By Katie Hunt
Business reporter, BBC News
Pro Mujer offers loans in Bolivia, Peru, Mexico, Nicaragua and Argentina
A teacher by training, Lynne Randolph Patterson never expected to find herself at the helm of a multi-national financial services company.
Twenty years ago, she was volunteering at a young mothers' club in La Paz, Bolivia, where her husband had been posted for work.
She was there to deliver empowerment lessons but the women, who attended twice a week in exchange for donated food, all told her one thing: "We need to earn money."
Along with her colleague, Carmen Velasco, a psychologist, they began to offer the women business training and tried to find them credit.
Inspired by Grameen Bank in Bangladesh, whose founder Muhammad Yunus pioneered microfinance, they began to offer small loans of around $50.
The women formed groups to guarantee each other's loans, and made simple business plans showing how they would invest and repay their first loans.
"Not being very financial, we made lots of mistakes in the beginning," she says.
But they persevered, and Pro Mujer (Pro Woman in Spanish) as their organisation is now called, now provides 222,000 women with loans, business training and healthcare in five Latin American countries.
Ms Patterson travels the globe drumming up support for Pro Mujer's work - both from investors who want a decent return on their money and charitable organisations.
"You need to invest in women if you want a better future for children," Ms Patterson says.
The hope is that the women use the loans to start and grow businesses such as food stalls, allowing them to better provide for their families.
Ms Patterson says the resources they are given helps women recognise their own value and achieve equality in their homes and communities. Many banks in developing countries do not lend to women.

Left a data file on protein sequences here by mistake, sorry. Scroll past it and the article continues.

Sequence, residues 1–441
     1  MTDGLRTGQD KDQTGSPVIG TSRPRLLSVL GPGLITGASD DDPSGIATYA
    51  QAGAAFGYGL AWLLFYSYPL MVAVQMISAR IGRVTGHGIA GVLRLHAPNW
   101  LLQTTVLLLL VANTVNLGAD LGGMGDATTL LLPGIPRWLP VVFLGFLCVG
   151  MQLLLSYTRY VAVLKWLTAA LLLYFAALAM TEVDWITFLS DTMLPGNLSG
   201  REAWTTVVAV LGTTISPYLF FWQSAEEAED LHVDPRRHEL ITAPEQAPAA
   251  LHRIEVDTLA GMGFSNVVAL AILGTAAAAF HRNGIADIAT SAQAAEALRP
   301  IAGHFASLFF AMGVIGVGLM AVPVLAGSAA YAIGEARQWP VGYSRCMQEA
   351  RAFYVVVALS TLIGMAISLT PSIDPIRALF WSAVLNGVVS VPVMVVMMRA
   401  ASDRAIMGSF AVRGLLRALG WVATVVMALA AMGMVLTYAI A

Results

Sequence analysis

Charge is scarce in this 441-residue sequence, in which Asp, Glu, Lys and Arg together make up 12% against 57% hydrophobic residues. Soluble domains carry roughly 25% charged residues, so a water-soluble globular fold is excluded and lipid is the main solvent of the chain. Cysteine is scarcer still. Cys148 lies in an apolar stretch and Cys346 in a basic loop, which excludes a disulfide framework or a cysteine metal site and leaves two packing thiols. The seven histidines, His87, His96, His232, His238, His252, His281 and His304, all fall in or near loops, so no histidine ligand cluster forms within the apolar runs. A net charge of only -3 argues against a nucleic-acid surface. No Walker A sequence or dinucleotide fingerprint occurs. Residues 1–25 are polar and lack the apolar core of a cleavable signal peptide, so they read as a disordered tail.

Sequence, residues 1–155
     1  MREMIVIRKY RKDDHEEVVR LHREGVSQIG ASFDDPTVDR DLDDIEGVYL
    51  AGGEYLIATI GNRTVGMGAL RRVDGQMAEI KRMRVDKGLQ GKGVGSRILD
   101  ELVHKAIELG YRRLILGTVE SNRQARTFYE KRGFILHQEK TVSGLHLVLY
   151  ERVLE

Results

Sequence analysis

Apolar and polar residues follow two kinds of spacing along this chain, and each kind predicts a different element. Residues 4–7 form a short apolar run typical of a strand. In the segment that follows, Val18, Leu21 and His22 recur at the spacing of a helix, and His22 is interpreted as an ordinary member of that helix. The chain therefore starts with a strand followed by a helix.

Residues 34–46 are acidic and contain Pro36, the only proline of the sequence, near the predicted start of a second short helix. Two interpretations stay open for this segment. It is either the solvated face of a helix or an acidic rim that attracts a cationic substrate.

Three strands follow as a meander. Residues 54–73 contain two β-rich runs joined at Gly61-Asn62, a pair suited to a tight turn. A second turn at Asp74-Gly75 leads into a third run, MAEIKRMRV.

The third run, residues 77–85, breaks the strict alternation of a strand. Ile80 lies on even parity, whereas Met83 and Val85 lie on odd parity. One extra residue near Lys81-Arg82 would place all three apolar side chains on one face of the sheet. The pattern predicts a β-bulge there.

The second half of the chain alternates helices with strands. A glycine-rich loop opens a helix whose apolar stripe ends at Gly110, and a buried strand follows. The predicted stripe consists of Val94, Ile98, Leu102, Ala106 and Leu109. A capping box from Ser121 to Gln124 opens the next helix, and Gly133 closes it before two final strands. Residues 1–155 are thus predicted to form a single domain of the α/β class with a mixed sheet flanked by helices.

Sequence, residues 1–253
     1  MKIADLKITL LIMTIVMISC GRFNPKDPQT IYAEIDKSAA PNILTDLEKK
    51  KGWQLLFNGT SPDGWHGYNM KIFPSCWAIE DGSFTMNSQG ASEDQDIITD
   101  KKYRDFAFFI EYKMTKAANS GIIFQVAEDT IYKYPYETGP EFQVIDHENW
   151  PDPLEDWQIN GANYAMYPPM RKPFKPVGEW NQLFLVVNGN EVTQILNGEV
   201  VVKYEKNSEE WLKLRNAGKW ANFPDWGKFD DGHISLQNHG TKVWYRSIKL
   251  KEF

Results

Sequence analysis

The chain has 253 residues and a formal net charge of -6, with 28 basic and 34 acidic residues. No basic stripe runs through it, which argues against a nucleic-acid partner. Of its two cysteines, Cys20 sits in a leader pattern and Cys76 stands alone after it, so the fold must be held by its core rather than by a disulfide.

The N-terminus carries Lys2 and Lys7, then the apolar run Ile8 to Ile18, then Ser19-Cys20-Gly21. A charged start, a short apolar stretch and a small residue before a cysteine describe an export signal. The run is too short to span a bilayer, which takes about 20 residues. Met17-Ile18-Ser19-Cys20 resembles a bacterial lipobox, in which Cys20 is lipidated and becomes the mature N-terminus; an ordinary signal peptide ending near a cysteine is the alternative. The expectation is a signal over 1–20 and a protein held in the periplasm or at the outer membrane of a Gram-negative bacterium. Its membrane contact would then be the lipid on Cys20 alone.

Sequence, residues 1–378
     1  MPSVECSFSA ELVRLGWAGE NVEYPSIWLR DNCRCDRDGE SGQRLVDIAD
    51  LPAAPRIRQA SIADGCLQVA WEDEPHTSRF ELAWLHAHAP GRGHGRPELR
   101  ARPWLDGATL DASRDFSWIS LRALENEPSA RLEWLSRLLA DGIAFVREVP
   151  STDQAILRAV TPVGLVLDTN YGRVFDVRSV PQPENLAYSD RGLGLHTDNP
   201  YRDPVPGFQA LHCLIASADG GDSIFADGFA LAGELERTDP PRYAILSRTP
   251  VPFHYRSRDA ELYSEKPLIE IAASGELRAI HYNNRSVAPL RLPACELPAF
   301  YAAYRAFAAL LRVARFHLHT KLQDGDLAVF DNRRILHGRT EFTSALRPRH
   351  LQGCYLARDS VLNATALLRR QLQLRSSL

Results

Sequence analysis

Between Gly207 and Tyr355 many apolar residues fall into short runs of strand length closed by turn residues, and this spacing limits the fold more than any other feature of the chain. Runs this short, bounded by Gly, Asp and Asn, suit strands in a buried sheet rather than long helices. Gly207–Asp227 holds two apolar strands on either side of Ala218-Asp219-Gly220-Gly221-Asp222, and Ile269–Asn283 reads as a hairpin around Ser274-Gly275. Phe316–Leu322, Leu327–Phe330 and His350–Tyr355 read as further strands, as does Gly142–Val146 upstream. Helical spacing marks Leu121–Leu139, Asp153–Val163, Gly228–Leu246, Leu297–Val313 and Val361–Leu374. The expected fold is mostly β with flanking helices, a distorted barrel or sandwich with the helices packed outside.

However, it is not always smooth sailing.
She recalls one client whose husband beat her up because he thought she was having an affair when in fact she was attending Pro Mujer's weekly loan repayment meetings.
Often poorly educated and in precarious circumstances without collateral, the borrowers are surprisingly dependable. Pro Mujer says 99% of all loans are repaid.
But Pro Mujer's group lending method ensures that defaults are rare.
"If they don't pay the loans back, they can't remain members of the group," says Ms Patterson.
These low default rates have attracted new players to the sector in recent years and microfinance has become increasingly commercialised.
Wal-Mart has set up a bank in Mexico to target those who can't access mainstream financial services and hedge funds and pension fund managers, now view microfinance as a viable investment.
What is microfinance?
Small loans around $100
Used to start and expand small businesses
Borrowers usually unable to get credit elsewhere
Providers range from charities to small commercial banks
"Lending to the poor has proven very profitable," says Ms Patterson.
As an industry veteran, she welcomes the increased scale of lending that commercial players can provide but says that the industry must guard against expanding too quickly as money pours in.
"What we all have to worry is over-indebtedness - look what happened to us."
Pro Mujer has no plans to abandon its social goals even though this may mean that its loans are more expensive than competitors.
"We are providing more than credit."
"When you come to a Pro Mujer centre, you not only get financial services, you get access healthcare services and social development," Ms Patterson says.
Pro Mujer's business is now self sustaining in four of the five countries it operates - income from loans covers costs of service.
The loans help women build livelihoods for themselves
Pro Mujer has hired new staff from major Wall Street banks to professionalise and help expand the business.
She hopes Pro Mujer will be able to triple the number of clients and increase lending the by the same degree
However, she acknowledges that microfinance is not a panacea for poverty and has its limits.
"I think being an entrepreneur is very hard. If there were jobs, with stable wages, that would be better but you do see incremental increases in our clients income."
"It's not perfect but it's hard to think of a more effective way to support women."
The Trouble With Working Women, a two-part special on women's issues in the workplace, is broadcast 18 and 19 May at 2100 BST on BBC Two.